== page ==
February 05, 2005

Gosling on unsafe code

In a recent talk about .Net, James Gosling made the following comment:

Microsoft’s decision to support C and C++ in the common language runtime in .NET one of the "biggest and most offensive mistakes that they could have made".

More specifically, James is referring to .Net's ability to support both "managed" and "unsafe" code, and he is clearly showing he doesn't really understand the issues at stake:  failing to support unsafe code would make .Net unable to run legacy code, which is of course unacceptable for Microsoft and millions of Windows users.

James is also conveniently forgetting that his employer's business is based on an operating system, which is written in...  C++.

The difference being that Solaris is written 100% in this "unsafe code" that James despises so much, whereas Microsoft is busy progressively replacing unsafe code with managed one in Windows.

It's sad that even somebody like James seems to forget that at the end of the day, good code comes from programmers, not languages.

Posted by cedric at February 5, 2005 07:22 AM

I think you're being a little disingenuous... nobody is going to run Word or other large C++ applications under .NET; millions of windows users don't really care if .NET can't run unsafe code.

Posted by: Jonathan Ellis at February 5, 2005 08:16 AM

i thing Gosling's comments are very exaggerated by the IT media, and blogs. The truth is, C and C++ are not suited for managed code, and in the article it says nobody actually uses managed C++ in real life applications. you must make a reality check over the issue that winows is re-written using managed code.. yes programmers write good code, but they need something better than C++ for that.

Posted by: aaa at February 5, 2005 09:52 AM

Hmm, the way I see it. James is not really attacking C/C++, he's only pointing out that Microsoft's decision to support those in CLR in .NET .

Providing Microsoft's track record in security, supporting C/C++ will open another can of worm.

> good code comes from programmers, not languages.
Exactly. That's why I think it's sad you misunderstood James' comment. Are you going to say that everyone doing .NET is good programmer?

Posted by: Jason Barker at February 5, 2005 10:00 AM

This ".NET is insecure because of unmanaged code" thing is really old, I was surprised to see it resurrected. The situation in .NET is very similar to the 'native' keyword in Java that allows arbitrary machine code to be linked in, making Java insecure. In both .NET and Java you have the choice to go fully VM, but you also have the option to open your vein to machine code if you really want. It's disingenous for Sun to blame Microsoft for this.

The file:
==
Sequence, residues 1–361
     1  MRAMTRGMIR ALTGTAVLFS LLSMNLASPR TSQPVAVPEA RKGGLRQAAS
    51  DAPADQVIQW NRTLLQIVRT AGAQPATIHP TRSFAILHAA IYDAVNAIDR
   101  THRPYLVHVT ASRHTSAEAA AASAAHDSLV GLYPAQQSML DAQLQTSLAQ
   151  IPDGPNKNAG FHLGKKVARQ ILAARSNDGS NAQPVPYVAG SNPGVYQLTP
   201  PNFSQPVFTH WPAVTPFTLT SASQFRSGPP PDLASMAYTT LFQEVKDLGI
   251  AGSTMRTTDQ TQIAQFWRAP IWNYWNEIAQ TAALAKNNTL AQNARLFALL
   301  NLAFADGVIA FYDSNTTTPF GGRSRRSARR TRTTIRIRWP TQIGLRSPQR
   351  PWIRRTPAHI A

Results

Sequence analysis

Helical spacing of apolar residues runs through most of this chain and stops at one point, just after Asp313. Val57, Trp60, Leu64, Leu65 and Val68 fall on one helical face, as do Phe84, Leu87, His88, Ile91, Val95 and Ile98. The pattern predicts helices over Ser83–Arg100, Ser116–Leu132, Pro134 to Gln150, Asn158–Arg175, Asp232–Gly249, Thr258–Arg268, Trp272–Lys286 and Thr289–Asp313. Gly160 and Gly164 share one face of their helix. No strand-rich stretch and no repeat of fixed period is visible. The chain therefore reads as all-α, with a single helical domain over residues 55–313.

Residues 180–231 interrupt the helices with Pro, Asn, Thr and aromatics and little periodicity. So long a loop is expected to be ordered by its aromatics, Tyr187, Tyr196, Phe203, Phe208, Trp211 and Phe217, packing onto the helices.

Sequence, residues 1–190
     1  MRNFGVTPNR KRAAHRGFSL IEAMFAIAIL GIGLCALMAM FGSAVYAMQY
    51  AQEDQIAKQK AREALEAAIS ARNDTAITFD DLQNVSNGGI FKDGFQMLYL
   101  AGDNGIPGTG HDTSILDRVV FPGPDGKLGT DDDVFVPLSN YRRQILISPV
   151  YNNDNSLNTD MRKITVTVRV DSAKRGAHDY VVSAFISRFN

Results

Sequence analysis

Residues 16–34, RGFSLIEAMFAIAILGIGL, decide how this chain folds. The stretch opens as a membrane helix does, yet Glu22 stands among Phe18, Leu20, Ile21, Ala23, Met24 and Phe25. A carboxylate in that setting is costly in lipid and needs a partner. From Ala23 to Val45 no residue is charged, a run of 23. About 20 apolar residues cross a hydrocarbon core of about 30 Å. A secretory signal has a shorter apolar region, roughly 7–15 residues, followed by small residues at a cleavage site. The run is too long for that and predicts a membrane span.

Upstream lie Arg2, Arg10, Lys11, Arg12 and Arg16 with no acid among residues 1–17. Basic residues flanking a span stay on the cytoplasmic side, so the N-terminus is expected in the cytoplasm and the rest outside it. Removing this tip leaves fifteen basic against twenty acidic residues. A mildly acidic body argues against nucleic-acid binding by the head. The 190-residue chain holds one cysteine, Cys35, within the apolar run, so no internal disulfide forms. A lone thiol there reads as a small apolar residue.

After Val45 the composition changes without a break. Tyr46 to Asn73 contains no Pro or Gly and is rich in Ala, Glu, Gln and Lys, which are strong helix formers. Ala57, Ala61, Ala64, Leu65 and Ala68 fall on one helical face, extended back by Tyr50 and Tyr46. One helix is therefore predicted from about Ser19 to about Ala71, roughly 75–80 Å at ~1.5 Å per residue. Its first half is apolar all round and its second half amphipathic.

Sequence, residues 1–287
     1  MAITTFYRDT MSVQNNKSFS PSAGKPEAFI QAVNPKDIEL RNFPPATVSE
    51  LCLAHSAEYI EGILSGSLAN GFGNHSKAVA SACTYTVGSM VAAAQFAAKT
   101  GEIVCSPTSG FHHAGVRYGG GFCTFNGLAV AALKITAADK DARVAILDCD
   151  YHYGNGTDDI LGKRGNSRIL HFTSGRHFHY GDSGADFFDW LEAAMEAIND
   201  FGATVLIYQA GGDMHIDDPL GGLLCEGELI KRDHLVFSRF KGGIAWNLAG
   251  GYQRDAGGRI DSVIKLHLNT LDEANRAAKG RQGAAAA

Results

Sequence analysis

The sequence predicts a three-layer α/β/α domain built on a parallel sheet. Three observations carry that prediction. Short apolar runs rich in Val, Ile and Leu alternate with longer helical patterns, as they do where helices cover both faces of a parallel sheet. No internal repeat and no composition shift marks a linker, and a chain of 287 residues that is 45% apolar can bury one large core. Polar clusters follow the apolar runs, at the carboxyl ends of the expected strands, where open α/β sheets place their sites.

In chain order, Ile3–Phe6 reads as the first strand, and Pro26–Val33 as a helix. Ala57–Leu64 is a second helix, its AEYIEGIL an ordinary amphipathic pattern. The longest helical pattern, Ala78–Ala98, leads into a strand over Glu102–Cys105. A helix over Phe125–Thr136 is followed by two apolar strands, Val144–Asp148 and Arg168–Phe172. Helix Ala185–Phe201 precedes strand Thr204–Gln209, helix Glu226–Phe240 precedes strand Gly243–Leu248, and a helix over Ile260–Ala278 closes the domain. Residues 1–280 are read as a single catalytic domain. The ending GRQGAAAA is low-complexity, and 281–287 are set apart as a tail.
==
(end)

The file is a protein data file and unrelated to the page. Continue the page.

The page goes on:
The difference between Java's 'native' and .NET's unmanaged code, btw, is that .NET works a whole lot better. It's a very clever system that allows you to subclass code in different languages.

I'm a big Java fan, but that doesn't mean I need to pretend .NET is evil.

Posted by: Nelson at February 5, 2005 03:21 PM

I was actually on a .NET dev team that used managed C++ back in 1998-99 time frame. What is now referred to as the C# language was a work in progress at the time. The core development of .NET was being written in a Java compiler that was modifed to emit IL for the CLR. The team I was on was writing an ORM (which got canned in favor of not muddying the waters for ADO.NET). We opted to use managed C++ because it was stable and what we all knew because we were all C++ Windows developers. At the time it was interesting and novel to write C++ for a garbage collected memory management system.

Posted by: rogerv at February 6, 2005 11:21 PM

Uh, Solaris is not written in C++. Try C. And assembler, forth, perl and probably others. But the kernel is mostly in C. You just don't do system work in C++.

Posted by: at February 17, 2005 11:01 PM
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